CrossRef  Google Scholar 

  • Murdoch J (2006) Poststructuralist geographies: a guide to relational space. SAGE, London

    Google Scholar 

  • Palmer G (2003) Telling stories the Kiowa way. University of Arizona Press, Tuscon

    Google Scholar 

  • Palmer M (2009) Engaging with indigital geographic information networks. Futures 41:33–40

    CrossRef  Google Scholar 

  • Palmer M (2012a) Theorizing indigital geographic information networks. Cartographica 47(2): 80–91

    CrossRef  Google Scholar 

  • Palmer M (2012b) Cartographic encounters at the BIA GIS center of calculation. Am Indian Cult Res J 36(2):75–102

    Google Scholar 

  • Palmer M, Hanney J (2010) Geographic information networks in American Indian governments and communities. Int J Virtual Communities Soc Netw 2(2):1–10

    CrossRef  Google Scholar 

  • Palmer M, Rundstrom R (2013) GIS, Internal Colonialism, and the U.S. Bureau of Indian Affairs. Annals of the Association of American Geographers. In press

    Google Scholar 

  • Pearce M (2008) Framing the days: place and narrative in cartography. Cartogr Geogr Inf Sci 35(1):17–32

    CrossRef  Google Scholar 

  • Pearce M, Hermann M (2010) Mapping Champlain’s travels: restorative techniques for historical cartography. Cartographica 45(1):33–48

    CrossRef  Google Scholar 

  • Pearce M, Louis R (2008) Mapping indigenous depth of place. Am Indian Cult Res J 32(3):107–126. special Issue: “Mainstreaming Indigenous Geographies”

    Google Scholar 

  • Pickles J (1995) Ground truth: the social implications of geographic information systems. Guilford Press, New York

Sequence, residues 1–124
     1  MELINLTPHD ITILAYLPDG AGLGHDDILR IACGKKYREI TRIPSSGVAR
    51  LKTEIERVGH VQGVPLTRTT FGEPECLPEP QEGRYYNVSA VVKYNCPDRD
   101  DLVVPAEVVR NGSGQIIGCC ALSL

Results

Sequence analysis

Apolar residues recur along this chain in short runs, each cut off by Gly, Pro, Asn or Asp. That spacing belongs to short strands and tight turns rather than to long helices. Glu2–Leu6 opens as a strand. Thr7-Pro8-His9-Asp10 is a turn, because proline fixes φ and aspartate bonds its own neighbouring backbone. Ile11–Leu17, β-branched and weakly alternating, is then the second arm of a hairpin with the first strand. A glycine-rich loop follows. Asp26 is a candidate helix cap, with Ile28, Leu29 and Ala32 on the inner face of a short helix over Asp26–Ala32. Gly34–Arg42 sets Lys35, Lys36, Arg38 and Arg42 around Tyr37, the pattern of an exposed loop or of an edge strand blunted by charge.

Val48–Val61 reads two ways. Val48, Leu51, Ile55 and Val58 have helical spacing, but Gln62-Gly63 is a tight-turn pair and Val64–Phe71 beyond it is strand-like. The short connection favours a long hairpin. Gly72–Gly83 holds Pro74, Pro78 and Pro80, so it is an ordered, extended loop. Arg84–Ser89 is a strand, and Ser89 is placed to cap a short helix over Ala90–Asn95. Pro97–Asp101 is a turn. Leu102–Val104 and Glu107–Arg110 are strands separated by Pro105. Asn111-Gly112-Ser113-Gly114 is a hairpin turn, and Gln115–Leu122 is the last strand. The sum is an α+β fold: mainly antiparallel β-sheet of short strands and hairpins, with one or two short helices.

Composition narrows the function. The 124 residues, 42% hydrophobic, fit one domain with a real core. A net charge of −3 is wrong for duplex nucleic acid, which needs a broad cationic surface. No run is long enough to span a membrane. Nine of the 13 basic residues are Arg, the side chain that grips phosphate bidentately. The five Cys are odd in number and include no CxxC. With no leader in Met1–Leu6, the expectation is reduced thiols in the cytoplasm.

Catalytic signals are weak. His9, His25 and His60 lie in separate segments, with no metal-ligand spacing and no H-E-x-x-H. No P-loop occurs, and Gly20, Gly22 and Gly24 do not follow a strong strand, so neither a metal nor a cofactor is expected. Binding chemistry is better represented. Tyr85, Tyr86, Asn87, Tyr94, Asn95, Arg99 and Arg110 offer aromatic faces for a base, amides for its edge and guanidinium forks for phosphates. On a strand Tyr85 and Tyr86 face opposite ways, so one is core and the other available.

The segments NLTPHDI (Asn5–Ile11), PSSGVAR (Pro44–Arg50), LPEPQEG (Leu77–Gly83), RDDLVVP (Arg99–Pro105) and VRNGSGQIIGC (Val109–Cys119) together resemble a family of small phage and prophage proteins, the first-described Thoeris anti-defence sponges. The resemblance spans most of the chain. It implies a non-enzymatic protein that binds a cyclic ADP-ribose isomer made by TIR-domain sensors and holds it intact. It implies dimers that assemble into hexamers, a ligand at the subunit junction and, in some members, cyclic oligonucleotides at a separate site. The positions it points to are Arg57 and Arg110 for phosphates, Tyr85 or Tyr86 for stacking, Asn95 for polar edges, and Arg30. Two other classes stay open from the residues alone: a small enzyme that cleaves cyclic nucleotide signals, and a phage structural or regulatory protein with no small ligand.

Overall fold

Google Scholar 

  • Robins P (2003) Beyond ground truth: GIS and the environmental knowledge of herders, professional foresters, and other traditional communities. Hum Ecol 31(2):233–253

    CrossRef  Google Scholar 

  • Rundstrom R (1995) GIS, indigenous peoples, and epistemological diversity. Cartogr Geogr Inf Syst 22:45–57

    CrossRef  Google Scholar 

  • Sappington N (2008) Tribal GIS: supporting native American policies with GIS. ESRI, Redlands

    Google Scholar 

  • Schuurman N (2000) Trouble in the heartland: GIS and its critics in the 1990s. Prog Hum Geogr 24(4):569–590

    CrossRef  Google Scholar 

  • Sharp J (2009) Geographies of postcolonialism. SAGE, London

    Google Scholar 

  • Sheppard E (1995) GIS and society: towards a research agenda. Cartogr Geogr Inf Syst 22(1):5–16

    CrossRef  Google Scholar 

  • Sheppard E, Couclelis H, Graham S, Harrington JW, Onsrud H (1999) Geographies of the information society. Int J Geogr Inf Sci 13(8):797–823

    CrossRef  Google Scholar 

  • Sieber R (2006) Public participation geographic information systems: a literature review and framework. Ann Assoc Am Geogr 96(3):491–507

    CrossRef  Google Scholar 

  • Sieber R, Wellen C (2008) Blending participatory GIS and geo-spatial ontologies for indigenous knowledge preservation. http://www.emse.fr/site/SAGEO2007/CDROM/CQFD14.pdf

  • Smith L (1999) Decolonizing methodologies: research and indigenous people. Zed Books, London

    Google Scholar 

  • Soja E (1996) Thirdspace: journey to Los Angeles and other real-and-imagined places. Polity Press, Oxford

    Google Scholar 

  • Sugito S, Kubota S (2007) Alliance project: digital kinship database and genealogy. In: Dyson L, Hendriks M, Grant S (eds) Information technology and indigenous people. Idea Group Publishing, Hershey, pp 260–265

    Google Scholar 

  • Warhus M (1997) Another America: native American maps and the history of our land. St. Martin’s Press, New York

    Google Scholar 

  • Winner L (1980) Do artifacts have politics? Daedalus 109:121–136

    Google Scholar 

  • Wood D (2010) Rethinking the power of maps. Guilford Press, New York

    Google Scholar 

Download references

Author information

Authors and Affiliations

Authors

Corresponding author

Correspondence to Mark H. Palmer .

Editor information

Editors and Affiliations

Rights and permissions

Reprints and Permissions

Copyright information

© 2013 Springer Science+Business Media Dordrecht

About this chapter

Cite this chapter

Palmer, M.H. (2013). (In)Digitizing Cáuigú Historical Geographies: Technoscience as a Postcolonial Discourse. In: von Lünen, A., Travis, C. (eds) History and GIS. Springer, Dordrecht. https://doi.org/10.1007/978-94-007-5009-8_4

Download citation